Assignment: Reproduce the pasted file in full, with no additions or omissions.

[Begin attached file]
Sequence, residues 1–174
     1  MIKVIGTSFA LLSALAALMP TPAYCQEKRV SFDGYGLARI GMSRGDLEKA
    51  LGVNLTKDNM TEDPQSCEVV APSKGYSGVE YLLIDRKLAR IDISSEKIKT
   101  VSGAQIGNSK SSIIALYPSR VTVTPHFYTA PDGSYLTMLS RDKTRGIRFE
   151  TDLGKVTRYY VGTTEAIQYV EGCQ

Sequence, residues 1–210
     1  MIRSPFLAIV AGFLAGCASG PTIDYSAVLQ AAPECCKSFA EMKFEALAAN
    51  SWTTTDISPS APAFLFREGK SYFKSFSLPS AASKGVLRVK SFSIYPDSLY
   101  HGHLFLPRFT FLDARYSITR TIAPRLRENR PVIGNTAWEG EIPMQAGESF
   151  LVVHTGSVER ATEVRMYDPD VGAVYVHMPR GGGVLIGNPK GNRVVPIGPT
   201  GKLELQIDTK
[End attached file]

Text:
Sequence, residues 1–174
     1  MIKVIGTSFA LLSALAALMP TPAYCQEKRV SFDGYGLARI GMSRGDLEKA
    51  LGVNLTKDNM TEDPQSCEVV APSKGYSGVE YLLIDRKLAR IDISSEKIKT
   101  VSGAQIGNSK SSIIALYPSR VTVTPHFYTA PDGSYLTMLS RDKTRGIRFE
   151  TDLGKVTRYY VGTTEAIQYV EGCQ

Sequence, residues 1–210
     1  MIRSPFLAIV AGFLAGCASG PTIDYSAVLQ AAPECCKSFA EMKFEALAAN
    51  SWTTTDISPS APAFLFREGK SYFKSFSLPS AASKGVLRVK SFSIYPDSLY
   101  HGHLFLPRFT FLDARYSITR TIAPRLRENR PVIGNTAWEG EIPMQAGESF
   151  LVVHTGSVER ATEVRMYDPD VGAVYVHMPR GGGVLIGNPK GNRVVPIGPT
   201  GKLELQIDTK